A while back we had a debate on this blog about art vs. the artist, and if it's hard to enjoy the creative works of an individual after they've shown a less than savory side. Does their art loose all value when they say, rape a 12 year-old girl after plying her with drugs and alcohol?
This past week most of Hollywood has been fascinated by the sad case of Charlie Sheen. After a few public drug benders (look, hit Google if you have no idea what I'm talking about... it's WAY too much for me to summarize) he entered into a treatment program (in his own home) and after CBS announced plans to cut four episodes from this season, he lashed out at his boss Chuck Lorre. This was seemingly the final straw for CBS, which canceled all episodes for this season.
This provoked Charlie Sheen's current "High on Charlie Sheen" publicity tour, where he is plugging his innocence and alleged sobriety with more aggressiveness than a Bieber pressing his new movie. At this point, I wouldn't be surprised to see him co-hosting Ryan Seacrest's show and placing decoy calls for "Ryan's Roses."
This tour has seen such bizarre moments as Sheen taunting that Warner Bros. would pay for how they treated him, saying "“Come Wednesday morning, they're going to rename it Charlie Bros. and not Warner Bros. Duh, winning!” Then he said, “They owe me a big [apology] – publicly – while they lick my feet."
I originally only read the quotes from those interviews and it wasn't until many hours after the fact that I found myself with ten minutes to kill. I tracked down the actual clip and... well, I thought I was watching some viral marketing for an absurd film about Hollywood bad boys.
I don't watch Two and a Half Men. I've seen a few episodes here and there and found it to be exceptionally unremarkable. Yet I know SOMEONE must be watching it because it's one of CBS's highest-rated shows not starring someone who collects blood and semen samples as part of their day job. Sheen's character on the show plays very much off of his playboy image. He's a sanitized bad boy womanizer... the PG version of Charlie Sheen.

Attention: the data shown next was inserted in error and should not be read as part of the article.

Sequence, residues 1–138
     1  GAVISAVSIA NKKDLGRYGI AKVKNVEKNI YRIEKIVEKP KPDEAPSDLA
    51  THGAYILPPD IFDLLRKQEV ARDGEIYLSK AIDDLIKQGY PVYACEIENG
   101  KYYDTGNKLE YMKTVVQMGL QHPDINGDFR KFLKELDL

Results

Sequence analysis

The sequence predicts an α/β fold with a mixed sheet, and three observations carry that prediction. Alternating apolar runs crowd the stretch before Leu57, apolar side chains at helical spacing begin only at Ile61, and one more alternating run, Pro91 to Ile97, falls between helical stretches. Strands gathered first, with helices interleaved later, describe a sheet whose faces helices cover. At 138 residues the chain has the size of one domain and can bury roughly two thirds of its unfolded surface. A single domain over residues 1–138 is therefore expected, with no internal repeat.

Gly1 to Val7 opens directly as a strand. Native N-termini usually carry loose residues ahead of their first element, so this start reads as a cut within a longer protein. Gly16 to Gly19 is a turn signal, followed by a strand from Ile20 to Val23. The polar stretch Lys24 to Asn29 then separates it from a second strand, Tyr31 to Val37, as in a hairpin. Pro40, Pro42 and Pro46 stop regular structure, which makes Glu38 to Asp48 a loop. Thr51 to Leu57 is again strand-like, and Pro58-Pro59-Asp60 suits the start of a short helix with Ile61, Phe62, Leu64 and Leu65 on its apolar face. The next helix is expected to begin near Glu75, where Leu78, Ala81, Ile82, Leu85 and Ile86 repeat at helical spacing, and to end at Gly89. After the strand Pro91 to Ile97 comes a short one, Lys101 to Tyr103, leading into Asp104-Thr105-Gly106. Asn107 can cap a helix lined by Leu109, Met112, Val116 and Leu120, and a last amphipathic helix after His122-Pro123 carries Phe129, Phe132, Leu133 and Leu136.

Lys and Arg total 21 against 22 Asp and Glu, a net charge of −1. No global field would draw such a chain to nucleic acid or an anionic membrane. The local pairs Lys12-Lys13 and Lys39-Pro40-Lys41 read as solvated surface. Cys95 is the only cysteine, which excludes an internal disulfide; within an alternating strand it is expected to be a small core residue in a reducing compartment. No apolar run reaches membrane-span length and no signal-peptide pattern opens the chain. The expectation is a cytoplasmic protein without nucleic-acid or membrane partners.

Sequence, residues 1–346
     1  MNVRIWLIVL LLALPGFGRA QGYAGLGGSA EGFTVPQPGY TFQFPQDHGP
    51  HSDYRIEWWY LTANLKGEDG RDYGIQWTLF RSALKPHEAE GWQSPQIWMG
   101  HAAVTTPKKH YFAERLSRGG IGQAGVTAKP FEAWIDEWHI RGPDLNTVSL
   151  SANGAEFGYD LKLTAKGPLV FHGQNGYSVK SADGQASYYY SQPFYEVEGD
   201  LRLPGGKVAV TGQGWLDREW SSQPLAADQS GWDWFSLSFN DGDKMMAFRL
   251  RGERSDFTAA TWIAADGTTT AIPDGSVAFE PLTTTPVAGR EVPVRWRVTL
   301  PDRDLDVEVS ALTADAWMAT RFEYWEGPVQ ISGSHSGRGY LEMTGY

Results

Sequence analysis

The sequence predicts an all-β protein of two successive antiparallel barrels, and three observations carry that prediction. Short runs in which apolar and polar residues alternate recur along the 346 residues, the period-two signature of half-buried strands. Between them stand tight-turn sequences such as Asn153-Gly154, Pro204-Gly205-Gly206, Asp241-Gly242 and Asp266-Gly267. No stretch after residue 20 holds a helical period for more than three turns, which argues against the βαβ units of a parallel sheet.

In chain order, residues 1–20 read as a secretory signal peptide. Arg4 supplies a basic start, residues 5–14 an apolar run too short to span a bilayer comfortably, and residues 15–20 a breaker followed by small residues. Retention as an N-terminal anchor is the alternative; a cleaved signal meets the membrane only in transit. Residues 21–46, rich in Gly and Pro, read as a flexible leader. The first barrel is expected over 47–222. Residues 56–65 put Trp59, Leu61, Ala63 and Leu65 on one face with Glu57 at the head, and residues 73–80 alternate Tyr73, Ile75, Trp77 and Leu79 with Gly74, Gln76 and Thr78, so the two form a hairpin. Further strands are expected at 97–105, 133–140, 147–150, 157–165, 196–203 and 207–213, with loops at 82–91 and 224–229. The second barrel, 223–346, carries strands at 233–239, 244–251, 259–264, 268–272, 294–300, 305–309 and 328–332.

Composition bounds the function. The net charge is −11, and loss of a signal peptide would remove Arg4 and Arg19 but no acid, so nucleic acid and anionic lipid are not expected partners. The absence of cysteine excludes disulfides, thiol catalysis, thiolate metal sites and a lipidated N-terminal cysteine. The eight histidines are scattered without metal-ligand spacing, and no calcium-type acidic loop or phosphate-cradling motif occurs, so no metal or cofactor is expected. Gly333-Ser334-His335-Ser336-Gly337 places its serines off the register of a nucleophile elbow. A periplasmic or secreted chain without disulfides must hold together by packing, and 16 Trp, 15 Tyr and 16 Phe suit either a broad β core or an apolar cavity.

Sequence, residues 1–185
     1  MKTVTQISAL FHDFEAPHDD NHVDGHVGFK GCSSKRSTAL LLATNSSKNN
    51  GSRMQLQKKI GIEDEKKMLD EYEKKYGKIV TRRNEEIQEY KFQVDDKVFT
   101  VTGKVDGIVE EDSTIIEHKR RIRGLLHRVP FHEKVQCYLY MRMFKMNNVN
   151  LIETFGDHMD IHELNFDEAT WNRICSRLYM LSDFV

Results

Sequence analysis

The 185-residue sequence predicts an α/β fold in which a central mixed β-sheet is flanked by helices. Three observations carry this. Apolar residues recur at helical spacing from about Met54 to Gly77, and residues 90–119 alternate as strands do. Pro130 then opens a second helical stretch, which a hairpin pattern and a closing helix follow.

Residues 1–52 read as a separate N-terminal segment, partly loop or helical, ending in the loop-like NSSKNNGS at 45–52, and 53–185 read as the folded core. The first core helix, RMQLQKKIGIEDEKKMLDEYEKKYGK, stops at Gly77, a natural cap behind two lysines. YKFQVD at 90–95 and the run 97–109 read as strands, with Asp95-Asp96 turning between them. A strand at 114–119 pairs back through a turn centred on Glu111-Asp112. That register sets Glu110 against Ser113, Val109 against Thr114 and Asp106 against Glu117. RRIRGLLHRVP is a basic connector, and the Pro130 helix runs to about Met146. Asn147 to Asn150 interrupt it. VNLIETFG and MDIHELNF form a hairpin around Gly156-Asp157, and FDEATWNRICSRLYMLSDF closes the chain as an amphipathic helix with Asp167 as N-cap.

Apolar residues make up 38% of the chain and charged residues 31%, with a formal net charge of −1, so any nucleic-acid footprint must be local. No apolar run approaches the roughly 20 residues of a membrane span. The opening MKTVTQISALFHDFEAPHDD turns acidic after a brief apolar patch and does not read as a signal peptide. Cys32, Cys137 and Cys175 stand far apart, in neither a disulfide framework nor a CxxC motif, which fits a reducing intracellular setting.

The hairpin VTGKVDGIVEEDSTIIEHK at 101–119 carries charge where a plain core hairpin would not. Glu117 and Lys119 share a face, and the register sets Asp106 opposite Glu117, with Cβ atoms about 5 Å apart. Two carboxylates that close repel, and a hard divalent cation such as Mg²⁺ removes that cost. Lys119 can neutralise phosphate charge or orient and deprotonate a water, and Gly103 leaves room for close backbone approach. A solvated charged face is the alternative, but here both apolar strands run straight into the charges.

And now Sheen has shown his true colors, and worse, he put his face on the story. It's one thing to hear about him locking a porn star in a closet in an abusive moment. It's quite another to actually see him spouting the nonsense in the clip above with the intense gaze and delivery all while insisting he's the wronged party. Sure, your first impulse might be to laugh at the isolated soundbites, but if you watch the whole interview, the "joke" fades and you're left with a sad, disturbing portrait.
And since Sheen is all but playing himself on his sitcom... will fans who saw that interview find it hard to see the humor in his character? I'm legitimately asking here, because as I've not been a huge fan of his, I can't really quantify how serious this would affect my perception of him. But it is uncomfortable, sort of like if O.J.'s last role before being arrested for murder was playing a knife-wielding slasher.
Sheen's had a few defenders come to his side on the posts on Deadline.com, but most of them seem to be the ultra-right wing loonies who come over through the Drudge Report's links. You can spot them by the fact that they immediately make this a political issue. Look, Martin Sheen is a bit to the left of me too, but it's a little disturbing to see people say they hate him so much that they take joy in his son's personal problems as punishment. I haven't seen any fans of Charlie comment on how their perceptions of them have changed. Real fans, I mean.
No one is ever finished on Hollywood. Robert Downey Jr. had a meltdown almost this bad in the 90s, and today he's one of the biggest stars in town. But then - we didn't have him raving like a madman on tape.
So do Charlie's problems make Two and a Half Men even less funny in retrospect? Can we separate Charlie the actor from Charlie the character? For me, I find it hard to watch Mel Gibson in anything - not just because of the tapes, but because of all the stories that have circulated about him over the years. And while most of the time an actor's politics doesn't bother me, I've never looked at Craig T. Nelson the same since he went on Glenn Beck and made BECK look like the sanner one in a debate about paying taxes.
Perhaps if there was any lucidity to Sheen's motivations for his press tour, it's that he was hoping to gain the support of the millions who've watched his series every week for years. But in doing so, he might have actually alienated them. Sheen's immediate career will take a hit, but how does this impact his legacy? Do you think it will taint the memory of his better works?
And from an artistic standpoint, should it even matter?